lumpley
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« Reply #7 on: September 26, 2005, 08:36:25 AM »

As protagonist-player, do I have any use for 1 coin? Seems to me I'll always be bidding even numbers.

Ah, well, you gotta bid at least one, so if you only have one, you should probably bid it if you want the stakes. Particularly if you're opening the scene. Also, say I reeeeally want to bid my Coersion +3 trait. I might bid two to make sure it gets up there, plus the one it takes to bring us up even. So that's three.

Hm.

I clearly don't understand how the bidding and the die relate. Don't try to explain it to me here - I mean, you can if you feel like it - but I'll need you to show me.

-Vincent
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Joshua A.C. Newman
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« Reply #8 on: September 26, 2005, 09:09:05 AM »

Actually, I just got it cleared up in my own head, so I'll write it down:

Let's say you're playing the Protag in this scene and I'm your AP.

Your Praxis Scales are

Coersion XX0XXXXXXX Honesty
Violence XXXXXX0XXX Negotiation

You roll 3, 4, respectively.

That three sucks: you're starting out on the null point, which is pretty weak unless you have some monster Honesty Traits to bring into play. So you take that 4, Violence, cuz you want to succeed at this conflict.

You're bidding to change that number so that it stays in Violence, or at least you can shift it over to Negotiation later.

I, meantime, want to alter the die be be a negative number or play a Relationship that will allow me to make you fail by Honesty, cuz that roll sucked monkey.

You let me open. I say, "Trait x, Violence +3" and bid two coins on it and I narrate the Antagonist making things more violent than your character wants. In this case, it's more violent that you want, too.

First, you put down coins to equal my coins, two coins. You narrate diffusing that violence.

Then you put down a coin that says "Trait y, Negotiation 1". You narrate the Protag talking to the Antag.

Let's say I'm out of coins now. You've won by violence. You narrate shooting the Antag in the nuts and you get your stakes.

Assuming the stakes weren't the Antag's life, he'll be back in some way, maybe with newly installed Robonuts.

Does that clarify?
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the glyphpress's games are Shock: Social Science Fiction and Under the Bed.

I design books like Dogs in the Vineyard and The Mountain Witch.
ScottM
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Fresno, California


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« Reply #9 on: September 27, 2005, 10:17:05 AM »

This still sounds good (I've liked the general idea since it was first mentioned).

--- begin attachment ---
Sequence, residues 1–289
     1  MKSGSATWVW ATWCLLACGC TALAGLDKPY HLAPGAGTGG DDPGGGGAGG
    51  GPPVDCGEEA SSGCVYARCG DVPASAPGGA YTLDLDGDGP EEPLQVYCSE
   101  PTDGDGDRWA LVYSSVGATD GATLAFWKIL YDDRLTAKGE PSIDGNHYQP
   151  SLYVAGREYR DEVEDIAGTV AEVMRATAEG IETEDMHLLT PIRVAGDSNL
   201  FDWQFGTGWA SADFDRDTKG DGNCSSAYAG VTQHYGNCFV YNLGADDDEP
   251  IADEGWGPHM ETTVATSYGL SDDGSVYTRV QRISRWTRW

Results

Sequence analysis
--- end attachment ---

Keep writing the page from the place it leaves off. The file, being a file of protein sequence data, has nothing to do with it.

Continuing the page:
What shape are your documents in-- still largely unwritten or hand scratched? Or are you tweaking documents that are approaching playtest status?

Scott
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Hey, I'm Scott Martin. I sometimes scribble over on my blog, llamafodder. Some good threads are here: RPG styles.
Joshua A.C. Newman
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the glyphpress


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« Reply #10 on: September 27, 2005, 10:21:22 AM »

Scott, I'm taking a break from rewriting some changes in CR to answer this post. Stop by the glyphpress forum for a playtest announcement when it comes.
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the glyphpress's games are Shock: Social Science Fiction and Under the Bed.

I design books like Dogs in the Vineyard and The Mountain Witch.
joepub
Acts of Evil Playtesters
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Joe Thomas McDonald


« Reply #11 on: December 05, 2005, 09:58:37 AM »

Just a question... doesn's this system mean it's always possible to win the fight?


I mean, if you fail honesty, doesn't that just mean you've SUCCEEDED in winning by lying?

Or do you declare which direct you move in? how does this work?
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Joshua A.C. Newman
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the glyphpress


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« Reply #12 on: December 05, 2005, 10:09:45 AM »

Just a question... doesn's this system mean it's always possible to win the fight?


I mean, if you fail honesty, doesn't that just mean you've SUCCEEDED in winning by lying?

Or do you declare which direct you move in? how does this work?

Ah, this has changed. We were using v. 0.0.2 or something when this was posted. Watch out for old threads.
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the glyphpress's games are Shock: Social Science Fiction and Under the Bed.

I design books like Dogs in the Vineyard and The Mountain Witch.